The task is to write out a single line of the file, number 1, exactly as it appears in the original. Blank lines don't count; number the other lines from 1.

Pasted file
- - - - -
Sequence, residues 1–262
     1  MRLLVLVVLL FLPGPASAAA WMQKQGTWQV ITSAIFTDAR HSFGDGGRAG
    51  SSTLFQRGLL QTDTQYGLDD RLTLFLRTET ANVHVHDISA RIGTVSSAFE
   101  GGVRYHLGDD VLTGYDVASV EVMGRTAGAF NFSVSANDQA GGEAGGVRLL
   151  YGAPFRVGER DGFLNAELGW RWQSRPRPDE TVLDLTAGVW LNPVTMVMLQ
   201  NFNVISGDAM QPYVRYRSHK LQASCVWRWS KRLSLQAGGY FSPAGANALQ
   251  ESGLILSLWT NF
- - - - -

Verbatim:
Sequence, residues 1–262